Thursday, 5 November 2020

Mending payroll tax


Tasmania’s state budget next week is a wake-up call that our tax system won’t deliver the revenue we need.

Even before COVID-19 the budget was in trouble. For the past three years, spending has exceeded receipts despite a relentless pattern of infrastructure deferrals and underfunding of crucial services.

The recent federal budget sent a clear message that the Feds were content to leave states to fend for themselves whilst they pursued their own plans to direct most budget assistance to private businesses to resurrect the flailing economy.

Encouraging businesses to buy new plant and equipment is ill directed when existing plant is idle due to insufficient demand. A lot of new plant will be labour-saving and sourced from overseas. The stimulus effects will be muted. The jobs recovery is premised on shaky assumptions.

Lower personal taxes are also seen as the way for people to spend more with local businesses. Unfortunately, this misses the crucial point that what a lot of people would prefer is more public goods, like better health, aged care and social housing. Not only that but more jobs will eventuate as the multiplier effects are superior.

All states are facing similar revenue shortfalls. Payroll tax is the largest contributor to states’ taxation revenue, comprising about one-third. The origins, history and the underlying rationale of payroll tax have largely been forgotten as it has evolved to only apply to larger employers at a higher rate.

To make matters worse, the taxable base now includes superannuation contributions as well as ordinary labour remuneration.

If payroll tax is a disincentive to employ, as most people believe, it’s only because a fair and efficient tax has been spoiled by policymakers. It is not a coincidence that the voluminous 2010 Henry Tax Report included payroll tax in the chapter on Consumption Taxes. Despite using labour income as its tax base, a uniform tax on all labour income is a pre-consumption tax. As a tax it is more closely related to GST than most people think. With a low rate it would be fair and efficient.

The way to achieve this is to replace the current eight separate payroll tax collection systems across states and territories with a uniform levy on labour income via the Australian Taxation Office. The Single Touch Payroll system would be an easy way, with few tweaks needed, to collect a levy to be divided in accordance with the relativities for payroll tax already calculated by the Commonwealth Grants Commission as part of the GST split. Tasmania collects less payroll tax than the national average due to lower payrolls. We have about 2 per cent of the nation’s population but currently collect only about 1.4 per cent of the nation’s payroll tax. We would therefore receive 1.4 per cent of the uniform labour levy pool.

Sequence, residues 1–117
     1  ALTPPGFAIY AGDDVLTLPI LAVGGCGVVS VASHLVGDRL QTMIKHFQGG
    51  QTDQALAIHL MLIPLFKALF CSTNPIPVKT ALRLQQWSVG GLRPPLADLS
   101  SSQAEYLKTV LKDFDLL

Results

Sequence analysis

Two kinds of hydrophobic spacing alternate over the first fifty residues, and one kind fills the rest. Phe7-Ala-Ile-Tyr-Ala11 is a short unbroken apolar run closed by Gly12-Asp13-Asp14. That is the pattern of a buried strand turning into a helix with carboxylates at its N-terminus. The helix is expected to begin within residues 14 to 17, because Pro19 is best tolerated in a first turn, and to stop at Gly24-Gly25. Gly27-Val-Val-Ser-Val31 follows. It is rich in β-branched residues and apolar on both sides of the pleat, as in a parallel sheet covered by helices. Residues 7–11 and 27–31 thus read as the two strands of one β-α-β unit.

In 2018-2019 Tasmania raised about $350m in payroll tax out of a nationwide total of about $26bn. But if the levy were designed to raise say $35bn that would mean Tasmania’s share would be $490m, an increase of $140m. Just what the state needs. A levy of about 3 per cent on labour income would be required. What could be fairer than spreading the burden to include all employees including politicians and state public servants, rather than relying on a few larger businesses and their employees to carry the can.

The only labour income of any significance missing from the net would be some income from sole proprietorships, partnerships and trusts. The tax system currently distinguishes business income from non-business income. Applying the labour levy to a portion of business income received by individuals, say 50 per cent, would ensure most taxpayers were making equitable contributions to the state’s coffers.

Rather than the recent personal tax cuts and the future Stage 3 personal tax cuts of up to $130bn, the nation would get a much better bang for bucks by collecting a levy on taxpayers to fund much needed state government services.

Lifting payroll taxes from local government would provide a further $15m to spend in the Tasmanian community. Hobart City Council for instance would have another $4m to spend, Launceston about $2.5m.

It’s time to face reality. The current federal government is more concerned about its own survival than the other two levels of government which both need more revenue but are reluctant to do anything. Payroll tax is a large contributor. However, it is in serious need of an overhaul. Let’s fix it and get Tasmania moving.

(Published in The Mercury 5th November 2020)


  1. Another good article John.

    Never mind that most large businesses are capital rather than labour intensive, so the ideology of payroll tax makes even less sense. It is essentially a tax on capital not labour.

    Yes our tax system needs reform as Ken Henry made clear, but we also need political reform. Otherwise our democracy and Federation are in danger.


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